George Washington Papers

To George Washington from James Caldwell, 20 April 1780

Connecticut Farms April 20. 1780.


Yesterday I expected to have waited upon your excellency, to communicate such intelligence as had come to my knowledge of the State of the Enemy—But the weather, added to my not being in good health, prevented—& the same obstacles remain to day.

The fleet which sailed some time ago, (after a halt, occasioned probably from their apprehentions of a Storm) proceded. Some more Vessels are watered but no prospect of a speedy embarkation. The Press still continues. The Galatea on Sunday drove one of our Privateers on Shore near the Hook & tooke out 65 men—& was chassing one or two more: Five or six Vessels arrived from Glasco—No News.

And what particularly concerns us preparations are making for a Stroke upon the Guards at Eliz. Town, if not farther in the Country. They are much flushed with their late success at Paramus. The Horse who performed that expedition went off Statten Island. They have Boats sufficiently large to carry a Troop of Horse at a time and come rapidly upon our Ho[rse] Guards. And partly from the smallness of their Numbers but more from their inattention, I do not doubt of the success of our enemies. The time assigned for this expedition will fall about Saturday Night—viz. the first favourable evening after the Moon shall rise about nine or ten O’Clock. Several other circumstances must concur—The wind must not be too high, and a careless officer on the lines. There is something very ungenerous in uttering general murmours against Officers—But I do solemnly assure your excellency if there is not a change at Eliz. Town there is no safety here for active individuals, nor for the Troops themselves long. There never were better Soldiers than the privates of the Contl Line. While the Generals, Parsons, St Clair, or DeCalb, commanded, they woud consult or gain knowledge from Inhabitants or Officers on the Lines—Without information no Stranger can command with safety or expectation.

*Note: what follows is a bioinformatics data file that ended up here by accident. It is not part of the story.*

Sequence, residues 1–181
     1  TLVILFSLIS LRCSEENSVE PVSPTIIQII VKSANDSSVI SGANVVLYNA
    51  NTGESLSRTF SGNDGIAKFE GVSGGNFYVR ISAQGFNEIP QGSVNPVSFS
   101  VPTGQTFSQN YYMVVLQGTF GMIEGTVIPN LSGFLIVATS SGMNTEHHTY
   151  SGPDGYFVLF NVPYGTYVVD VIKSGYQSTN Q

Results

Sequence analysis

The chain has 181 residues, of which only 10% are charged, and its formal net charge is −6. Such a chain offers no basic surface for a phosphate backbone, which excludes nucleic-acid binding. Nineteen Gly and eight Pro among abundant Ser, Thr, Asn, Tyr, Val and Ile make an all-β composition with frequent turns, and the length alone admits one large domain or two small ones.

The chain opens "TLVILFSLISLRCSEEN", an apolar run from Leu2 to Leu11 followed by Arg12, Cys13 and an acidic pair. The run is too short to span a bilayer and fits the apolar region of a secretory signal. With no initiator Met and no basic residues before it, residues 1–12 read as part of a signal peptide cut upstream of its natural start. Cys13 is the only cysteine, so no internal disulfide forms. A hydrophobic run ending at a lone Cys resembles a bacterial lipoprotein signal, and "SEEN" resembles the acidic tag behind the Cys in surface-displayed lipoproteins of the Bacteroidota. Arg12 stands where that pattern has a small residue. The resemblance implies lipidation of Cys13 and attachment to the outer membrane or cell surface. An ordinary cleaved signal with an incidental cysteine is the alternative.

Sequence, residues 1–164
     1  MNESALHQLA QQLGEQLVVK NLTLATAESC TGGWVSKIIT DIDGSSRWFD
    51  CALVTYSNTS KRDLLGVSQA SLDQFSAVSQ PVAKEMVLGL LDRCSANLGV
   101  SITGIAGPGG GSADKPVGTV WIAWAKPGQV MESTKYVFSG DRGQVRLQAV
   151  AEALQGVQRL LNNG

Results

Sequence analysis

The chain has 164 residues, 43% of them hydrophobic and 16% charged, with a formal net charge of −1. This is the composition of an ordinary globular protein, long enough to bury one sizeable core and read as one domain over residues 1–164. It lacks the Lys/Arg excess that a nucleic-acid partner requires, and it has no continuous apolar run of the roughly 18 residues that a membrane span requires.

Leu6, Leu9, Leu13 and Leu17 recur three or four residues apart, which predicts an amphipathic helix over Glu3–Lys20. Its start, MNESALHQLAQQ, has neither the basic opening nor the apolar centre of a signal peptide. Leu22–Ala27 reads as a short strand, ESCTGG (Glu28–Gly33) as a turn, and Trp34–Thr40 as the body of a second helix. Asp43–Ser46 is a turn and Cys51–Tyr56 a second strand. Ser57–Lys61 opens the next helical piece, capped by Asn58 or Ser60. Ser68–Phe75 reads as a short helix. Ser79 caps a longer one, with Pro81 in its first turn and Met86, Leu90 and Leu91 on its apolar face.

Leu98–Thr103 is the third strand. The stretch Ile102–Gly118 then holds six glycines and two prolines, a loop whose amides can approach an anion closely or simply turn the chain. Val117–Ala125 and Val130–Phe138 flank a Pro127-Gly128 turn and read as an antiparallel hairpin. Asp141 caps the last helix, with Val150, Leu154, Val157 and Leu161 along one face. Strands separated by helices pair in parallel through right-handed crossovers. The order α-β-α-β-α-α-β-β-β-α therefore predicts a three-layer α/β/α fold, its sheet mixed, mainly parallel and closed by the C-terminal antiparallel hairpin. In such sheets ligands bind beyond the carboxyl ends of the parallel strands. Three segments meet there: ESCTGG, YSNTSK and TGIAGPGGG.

Permit me now, my esteemed General, to ask the Favour of your sending Colo. Dayton with his Regt to take the Comd at Elizabeth Town, covering his rear either with the Troops now here or with the Jersey Brigade. In addition to this let a strong House in Town be taken for the Guard (There are two that will answer) where they may defend themselves till relieved from the Country. The Horse will not penetrate far in the Country & leave that party behind them. If something is not done speedily the active people must move off from the lines & the Country will lie open to the trade & ravages of the Enemy. If Colo. Dayton with the party proposed could be down in time & the enemy attempt to carry their present plan into execution, they might probably be cut off. And I cannot think of any way in which he can bring his men down to act with propriety unless they come to relieve the Troops in Town. It is impossible for us to gain the intelligence necessary, to lay & execute plans, in conjunction with the officers now on the lines, who, to say no more, are strangers.

When I saw Colo. Dayton last, which was Two Days ago; I conversed with him upon the matters above. And as I suppose he is gone to Head Quarters, or will be there soon, I need not add. He has got the very necessary business of intelligence in a good way & can give your excellency full satisfaction. We cannot communicate to the officers here the Intelligence rec’d very particularly, without sacrifising worthy persons who have staked their lives, & without blasting our designs. Begging pardon for saying so much, Your Excellencys most obedt and very huml. sert

James Caldwell

DLC: Papers of George Washington.

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